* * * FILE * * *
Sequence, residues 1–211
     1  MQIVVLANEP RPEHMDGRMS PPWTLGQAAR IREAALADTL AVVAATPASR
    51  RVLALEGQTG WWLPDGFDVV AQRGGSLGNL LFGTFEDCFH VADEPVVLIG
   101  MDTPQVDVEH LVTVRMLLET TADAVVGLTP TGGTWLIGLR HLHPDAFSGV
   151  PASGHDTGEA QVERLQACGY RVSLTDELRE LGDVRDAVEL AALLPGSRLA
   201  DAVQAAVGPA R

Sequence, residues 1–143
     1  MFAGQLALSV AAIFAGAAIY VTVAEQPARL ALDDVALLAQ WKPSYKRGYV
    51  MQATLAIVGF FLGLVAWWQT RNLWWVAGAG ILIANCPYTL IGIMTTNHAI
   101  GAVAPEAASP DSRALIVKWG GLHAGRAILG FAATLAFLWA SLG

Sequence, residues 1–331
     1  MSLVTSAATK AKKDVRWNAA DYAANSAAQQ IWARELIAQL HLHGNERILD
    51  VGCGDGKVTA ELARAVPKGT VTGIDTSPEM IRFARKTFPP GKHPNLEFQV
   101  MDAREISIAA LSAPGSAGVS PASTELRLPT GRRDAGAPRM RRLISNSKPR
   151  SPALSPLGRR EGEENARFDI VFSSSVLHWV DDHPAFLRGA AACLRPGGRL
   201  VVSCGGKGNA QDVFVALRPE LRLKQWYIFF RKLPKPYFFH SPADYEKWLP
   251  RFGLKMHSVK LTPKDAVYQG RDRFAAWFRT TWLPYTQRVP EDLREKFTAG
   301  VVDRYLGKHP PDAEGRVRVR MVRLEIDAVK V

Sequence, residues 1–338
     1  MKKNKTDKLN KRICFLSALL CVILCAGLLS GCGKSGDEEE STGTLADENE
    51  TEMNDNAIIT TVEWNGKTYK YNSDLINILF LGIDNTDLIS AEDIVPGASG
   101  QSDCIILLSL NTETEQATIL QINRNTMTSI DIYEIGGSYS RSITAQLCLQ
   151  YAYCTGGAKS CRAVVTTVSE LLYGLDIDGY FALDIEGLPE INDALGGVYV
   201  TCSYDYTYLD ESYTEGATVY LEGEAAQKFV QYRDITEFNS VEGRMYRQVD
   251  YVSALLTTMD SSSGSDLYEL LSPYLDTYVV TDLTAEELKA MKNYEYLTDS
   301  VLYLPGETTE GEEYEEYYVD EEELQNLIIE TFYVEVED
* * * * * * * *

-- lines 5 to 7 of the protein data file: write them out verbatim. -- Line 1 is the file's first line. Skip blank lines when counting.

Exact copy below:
   151  PASGHDTGEA QVERLQACGY RVSLTDELRE LGDVRDAVEL AALLPGSRLA
   201  DAVQAAVGPA R

Sequence, residues 1–143